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Fernando Pacheco: Angolans waited three months to celebrate independence after the 25th of April

The post-25 April 1974 uncertainties led agricultural engineer Fernando Pacheco to celebrate the self-determination of the then Portuguese colonies just three months later, when António Spínola spoke and recognized the right to independence.

: Expansão

Fernando Pacheco, now 74 years old, saw festive hugs from Portuguese friends celebrating the fall of the colonial regime in the then city of Nova Lisboa, now Huambo, in April, but he only 'exploded' with joy on July 27, 1974 with the intervention of the president of the National Salvation Board (JSN).

In an interview with Lusa, the academic and retired agricultural engineer said that he went with a friendly Portuguese couple, in Nova Lisboa, where he was finishing his higher education, that he learned about the fall of the colonial regime, "right after lunch".

The news of the revolution reached his home from a colleague and was confirmed by Portuguese friends, after tuning in to Radio Cairo (a Brazilian broadcasting service in Egypt).

"Then we were sure that, that morning, there had been a coup d'état in Portugal, which was the beginning of the so-called April Revolution", he reported.

The two Portuguese, linked to left-wing parties, "huddled a lot, they immediately saw not only the improvement in their personal situation, but also the possibility of improving the political situation", although they had some fear.

The fall of the Portuguese colonial regime fueled doubts, fears and uncertainties about the future of the Portuguese colonies, including Angola, especially because the president of the JSN (provisional government constituted by military personnel after the coup d'état), General António Spínola, "had no good image in relation to the future of the colonies", he considered.

Pacheco, a former senior member of the Popular Movement for the Liberation of Angola (MPLA), has in his personal library António Spínola's book "Portugal and the Future", which "shaked the regime", but he never read it, "due to the speed of events."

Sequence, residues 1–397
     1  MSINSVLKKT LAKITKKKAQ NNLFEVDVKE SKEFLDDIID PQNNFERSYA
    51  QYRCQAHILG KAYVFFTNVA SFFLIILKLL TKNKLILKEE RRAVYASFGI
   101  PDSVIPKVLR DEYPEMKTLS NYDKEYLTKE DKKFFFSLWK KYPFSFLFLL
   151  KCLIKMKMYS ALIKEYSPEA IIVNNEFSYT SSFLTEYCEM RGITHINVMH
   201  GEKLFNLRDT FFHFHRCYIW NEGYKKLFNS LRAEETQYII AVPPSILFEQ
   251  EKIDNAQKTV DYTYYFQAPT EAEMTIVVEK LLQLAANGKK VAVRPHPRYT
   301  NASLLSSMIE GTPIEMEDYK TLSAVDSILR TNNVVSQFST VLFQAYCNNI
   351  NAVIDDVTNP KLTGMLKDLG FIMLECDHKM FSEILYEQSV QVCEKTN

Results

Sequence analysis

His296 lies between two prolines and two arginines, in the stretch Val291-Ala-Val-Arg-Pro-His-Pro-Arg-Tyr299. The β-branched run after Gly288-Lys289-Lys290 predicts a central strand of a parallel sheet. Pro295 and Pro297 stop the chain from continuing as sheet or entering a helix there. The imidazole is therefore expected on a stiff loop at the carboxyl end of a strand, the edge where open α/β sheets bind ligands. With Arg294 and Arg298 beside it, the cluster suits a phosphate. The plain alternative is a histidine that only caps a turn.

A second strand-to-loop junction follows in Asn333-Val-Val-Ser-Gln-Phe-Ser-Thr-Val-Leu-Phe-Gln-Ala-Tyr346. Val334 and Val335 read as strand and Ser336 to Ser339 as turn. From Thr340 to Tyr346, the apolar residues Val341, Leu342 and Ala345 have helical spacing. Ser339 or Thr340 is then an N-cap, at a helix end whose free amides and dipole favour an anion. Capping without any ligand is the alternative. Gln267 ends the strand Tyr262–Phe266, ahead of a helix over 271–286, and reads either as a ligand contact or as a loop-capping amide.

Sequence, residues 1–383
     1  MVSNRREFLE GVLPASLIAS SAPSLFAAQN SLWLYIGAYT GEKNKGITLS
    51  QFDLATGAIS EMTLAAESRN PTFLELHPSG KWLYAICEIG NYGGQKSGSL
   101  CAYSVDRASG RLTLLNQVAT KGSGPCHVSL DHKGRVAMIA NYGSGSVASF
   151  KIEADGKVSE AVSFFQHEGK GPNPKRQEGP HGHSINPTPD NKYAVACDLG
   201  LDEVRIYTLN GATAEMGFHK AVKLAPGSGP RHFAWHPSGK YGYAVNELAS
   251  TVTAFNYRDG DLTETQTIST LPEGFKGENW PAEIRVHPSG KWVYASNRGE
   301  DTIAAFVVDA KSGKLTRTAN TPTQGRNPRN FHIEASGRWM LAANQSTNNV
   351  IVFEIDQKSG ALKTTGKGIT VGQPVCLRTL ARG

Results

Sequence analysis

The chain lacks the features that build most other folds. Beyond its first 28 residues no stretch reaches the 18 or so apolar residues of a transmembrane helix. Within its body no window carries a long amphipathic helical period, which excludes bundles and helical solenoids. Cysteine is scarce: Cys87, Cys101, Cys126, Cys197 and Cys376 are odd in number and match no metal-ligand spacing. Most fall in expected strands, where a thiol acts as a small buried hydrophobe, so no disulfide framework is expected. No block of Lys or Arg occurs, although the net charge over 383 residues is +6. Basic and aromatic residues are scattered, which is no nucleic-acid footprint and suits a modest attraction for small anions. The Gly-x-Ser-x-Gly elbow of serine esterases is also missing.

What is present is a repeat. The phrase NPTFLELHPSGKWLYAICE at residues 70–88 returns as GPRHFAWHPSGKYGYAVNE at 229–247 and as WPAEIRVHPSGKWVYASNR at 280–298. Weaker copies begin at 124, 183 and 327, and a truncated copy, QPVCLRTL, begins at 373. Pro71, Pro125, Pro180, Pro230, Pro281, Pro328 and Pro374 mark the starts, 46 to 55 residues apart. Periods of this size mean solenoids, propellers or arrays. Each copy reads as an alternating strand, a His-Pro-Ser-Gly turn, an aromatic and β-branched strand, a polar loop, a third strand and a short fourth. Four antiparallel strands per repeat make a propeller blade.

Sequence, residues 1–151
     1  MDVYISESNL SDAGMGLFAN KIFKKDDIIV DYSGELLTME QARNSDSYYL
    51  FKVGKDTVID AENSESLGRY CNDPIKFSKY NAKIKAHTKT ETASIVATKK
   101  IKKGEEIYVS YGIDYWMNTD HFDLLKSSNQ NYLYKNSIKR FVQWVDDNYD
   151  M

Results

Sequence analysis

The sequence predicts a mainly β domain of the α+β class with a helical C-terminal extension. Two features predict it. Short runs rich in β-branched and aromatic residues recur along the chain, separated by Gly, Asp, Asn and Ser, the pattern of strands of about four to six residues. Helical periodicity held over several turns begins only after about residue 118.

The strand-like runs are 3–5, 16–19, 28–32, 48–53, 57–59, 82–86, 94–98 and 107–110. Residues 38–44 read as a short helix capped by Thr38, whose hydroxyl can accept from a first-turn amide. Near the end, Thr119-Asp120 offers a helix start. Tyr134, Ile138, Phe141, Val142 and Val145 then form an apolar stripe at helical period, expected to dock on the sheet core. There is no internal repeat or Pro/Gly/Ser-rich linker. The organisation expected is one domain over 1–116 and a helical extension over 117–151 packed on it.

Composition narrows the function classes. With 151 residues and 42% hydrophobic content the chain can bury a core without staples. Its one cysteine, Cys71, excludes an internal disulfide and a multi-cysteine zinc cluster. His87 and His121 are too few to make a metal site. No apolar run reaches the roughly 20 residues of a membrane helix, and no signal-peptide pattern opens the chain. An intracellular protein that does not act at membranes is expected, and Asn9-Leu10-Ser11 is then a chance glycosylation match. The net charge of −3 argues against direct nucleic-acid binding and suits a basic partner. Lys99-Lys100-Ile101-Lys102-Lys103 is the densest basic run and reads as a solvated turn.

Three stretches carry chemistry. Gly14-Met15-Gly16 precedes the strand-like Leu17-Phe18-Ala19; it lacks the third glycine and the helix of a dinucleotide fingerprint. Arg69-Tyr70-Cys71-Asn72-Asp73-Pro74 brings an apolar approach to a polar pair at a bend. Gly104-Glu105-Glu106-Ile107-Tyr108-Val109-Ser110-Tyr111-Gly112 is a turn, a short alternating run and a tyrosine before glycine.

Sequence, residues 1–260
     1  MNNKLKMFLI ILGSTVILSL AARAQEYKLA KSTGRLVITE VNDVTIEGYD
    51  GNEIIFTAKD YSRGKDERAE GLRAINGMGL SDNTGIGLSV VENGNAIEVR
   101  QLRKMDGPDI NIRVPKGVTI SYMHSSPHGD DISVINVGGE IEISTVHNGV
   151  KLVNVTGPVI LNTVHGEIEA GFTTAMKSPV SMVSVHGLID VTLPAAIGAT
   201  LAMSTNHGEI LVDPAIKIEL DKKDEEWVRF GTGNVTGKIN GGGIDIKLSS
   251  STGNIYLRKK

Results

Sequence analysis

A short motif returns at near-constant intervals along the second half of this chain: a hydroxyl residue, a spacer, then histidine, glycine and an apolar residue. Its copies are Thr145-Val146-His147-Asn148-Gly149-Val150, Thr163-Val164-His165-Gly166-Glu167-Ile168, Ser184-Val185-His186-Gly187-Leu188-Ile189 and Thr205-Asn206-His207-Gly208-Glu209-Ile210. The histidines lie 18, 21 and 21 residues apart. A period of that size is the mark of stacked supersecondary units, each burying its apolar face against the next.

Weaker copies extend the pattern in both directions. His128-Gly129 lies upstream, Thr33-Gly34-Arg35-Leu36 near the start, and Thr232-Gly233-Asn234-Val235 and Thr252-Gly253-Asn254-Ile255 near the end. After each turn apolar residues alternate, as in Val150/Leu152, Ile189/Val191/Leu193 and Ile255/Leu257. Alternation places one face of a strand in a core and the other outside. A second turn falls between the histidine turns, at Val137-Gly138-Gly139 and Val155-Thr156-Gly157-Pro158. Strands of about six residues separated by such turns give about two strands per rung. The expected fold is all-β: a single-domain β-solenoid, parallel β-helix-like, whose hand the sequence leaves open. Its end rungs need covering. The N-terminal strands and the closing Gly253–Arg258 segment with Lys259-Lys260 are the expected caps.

"We were so involved in the possible transformations that would happen in Angola that the book remained, let's say, pending and these pending issues [last] until today", he explained.

Aged 25 at the time, Fernando Pacheco recalled that he only celebrated the 25th of April to the 27th of July 1974, three months later, in Benguela, "with some comrades", after listening to General Spínola's speech, in which he recognized the " right of colonies to self-determination and independence".

Then it was time for hugs "in the same way as the Portuguese", who had already hugged on April 25th, he highlighted, recalling that this "unforgettable hug" took place on a Saturday afternoon.

"At the time of the 25th of April we were satisfied, but, let's say, with limitations, some restrictions, because we didn't really know what was going to happen. From the moment General Spínola's statement was heard (...) we thought that There were no more retreats and Angola was going to be independent", he stressed.

"That was one of the happiest days of my life", said the founding member of the Angolan NGO ADRA (Action for Rural Development and Environment) who is now a consultant, civic and political activist and collaborator at the University's Center for Studies and Scientific Research Catholic of Angola.

MPLA, National Front for the Liberation of Angola (FNLA), which emerged from the UPA (Union of Peoples of Angola), and the National Union for the Total Independence of Angola (UNITA) led the Armed Struggle for National Liberation against the Portuguese army.

For the former director of the MPLA's agrarian policy department during the single party period, the actions of the liberation movements in Angola, Mozambique and Guinea-Bissau eroded the Portuguese regime and also contributed to its fall on the 25th of April.

"The Portuguese army was worn out a lot, both in human terms and in material and financial terms," he said.

The former leader, currently critical of the country's social and economic situation, denied that the 25th of April had saved the MPLA from suffocation, due to the alleged weakening of this movement during the liberation struggle.

"At that time it was said that the MPLA was very weakened and that, if it weren't for the 25th of April, it would be defeated by Portuguese troops, now this is a historical untruth, because liberation wars have advances and setbacks", he maintained.

He acknowledged, however, that the movement was going through "a very difficult period", as a result of the Portuguese Government's alliance with South Africa and the then Southern Rhodesia, now Zimbabwe, to reach the East, the MPLA's guerrilla space.

"There was only talk about the weakening of the MPLA, but later history showed that the FNLA and UNITA were also weakened", he pointed out.

For Fernando Pacheco, the transition to Angola's independence, on November 11, 1975, "was complex, because things did not happen in a linear way (...). The transitional government [formed on January 31, 1975 with Portuguese leaders and the three liberation movements] it didn't work".

"Each one pushed things to their own side (...), none of the three movements thought about a real sharing, each one wanted to impose their own reason. I was an MPLA member and I have to recognize that, the MPLA also had its own idea of alienating others, for ideological reasons", he concluded, praising the scope of independence.


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